Not so much. The owners, understanding their considerable leverage, do want everything they want and expect to get it. Except that goes far beyond the 50/50 cut. This hasn't been offered, but the new standing feeling from multiple media sources is that the players could offer up the 50/50 and the owners would likely still be pursuing the hard cap. If anything, the owners seem more entrenched the more the players seem to surrrender. It's only getting worse.
If the concern is over the yearly losses the owners are taking in, and the players are offering to give back up to 4 percent of their take right now before negotiations even get serious, what is it that the owners do want? What's the target of all this hard-line insistence? What's the end point?
In short, it boils down to toddlers baby-proofing the house. The league's owners are looking to be able to remove themselves from the burden of bad contracts which they themselves provide. A bad contract sinks a franchise like nothing else. It's an albatross, an anchor, and a curse at the same time. It stands as a mark of their own impudence. There are exceptions of bad luck, where no one could have foreseen the injuries that would come. But for each of those there is a player who the franchise could not bear to see go, and paid despite reservations. The Blazers knew about Brandon Roy's knee condition when they offered him his extension. The Hawks were aware that Joe Johnson would be in his early-to-mid-30's when his final year of his contract is paying him over $20 million. It goes on and on, and even the smaller deals are ones they want to be able to remove themselves from. Much of this is dictated by the market, and almost all of it is dictated not by the players, but by their agents. Consider what Rashard Lewis, one of the players under a contract that is considered dead weight, told ESPN earlier this week, and a point made by ESPN's J.A. Adande:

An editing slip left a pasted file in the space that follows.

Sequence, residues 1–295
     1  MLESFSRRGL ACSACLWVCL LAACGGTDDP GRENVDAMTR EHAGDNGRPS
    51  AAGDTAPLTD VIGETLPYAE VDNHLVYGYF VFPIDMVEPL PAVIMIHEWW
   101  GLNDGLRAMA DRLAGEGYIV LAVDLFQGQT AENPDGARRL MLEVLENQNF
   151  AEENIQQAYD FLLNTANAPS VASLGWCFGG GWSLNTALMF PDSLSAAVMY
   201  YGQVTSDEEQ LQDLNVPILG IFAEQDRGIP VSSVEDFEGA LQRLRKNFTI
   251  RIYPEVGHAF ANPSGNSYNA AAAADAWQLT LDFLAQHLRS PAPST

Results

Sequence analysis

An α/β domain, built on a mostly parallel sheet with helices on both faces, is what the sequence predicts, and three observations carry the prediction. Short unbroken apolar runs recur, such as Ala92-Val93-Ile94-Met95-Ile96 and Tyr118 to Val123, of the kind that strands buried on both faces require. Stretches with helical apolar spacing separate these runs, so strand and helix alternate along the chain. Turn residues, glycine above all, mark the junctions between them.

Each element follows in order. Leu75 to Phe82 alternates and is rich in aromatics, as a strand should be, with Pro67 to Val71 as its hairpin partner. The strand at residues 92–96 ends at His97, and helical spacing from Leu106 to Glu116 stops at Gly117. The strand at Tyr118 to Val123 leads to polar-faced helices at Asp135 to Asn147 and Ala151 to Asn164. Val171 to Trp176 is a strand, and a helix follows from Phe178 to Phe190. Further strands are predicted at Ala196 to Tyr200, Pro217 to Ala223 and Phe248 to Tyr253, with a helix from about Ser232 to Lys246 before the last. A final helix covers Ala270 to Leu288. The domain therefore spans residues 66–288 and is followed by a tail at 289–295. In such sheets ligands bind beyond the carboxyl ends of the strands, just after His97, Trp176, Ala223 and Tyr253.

Just keep in mind how we got to this point: After the players agreed to a salary cap, a rookie wage scale, a maximum player salary and a luxury tax designed to slow the escalating contracts, can they really be expected to just say no to whatever money the owners kept offering?via Rashard Lewis is what this lockout is all about - ESPN.
Or, as Lewis puts it, "You sign me to a deal, you think I'm going to say, 'No, I deserve $50 [million] instead of $80 [million]?' I'm like, 'Hell, yeah.' I'm not going to turn it down. You can't blame the players. If anything, we don't negotiate the deal. We've got agents that negotiate the deals with the team. Y'all need to go talk to the teams and the agents."
But the owners simply want to cut the agents' power off at the knees. Instead of bargaining better, they want to remove that hold. Now, in many ways, this is actually a very reasonable request. Even the players will tell you that. Dudley, once more (you really should read the entire interview with the Tribune, it's quite extensive, particularly regarding decertification):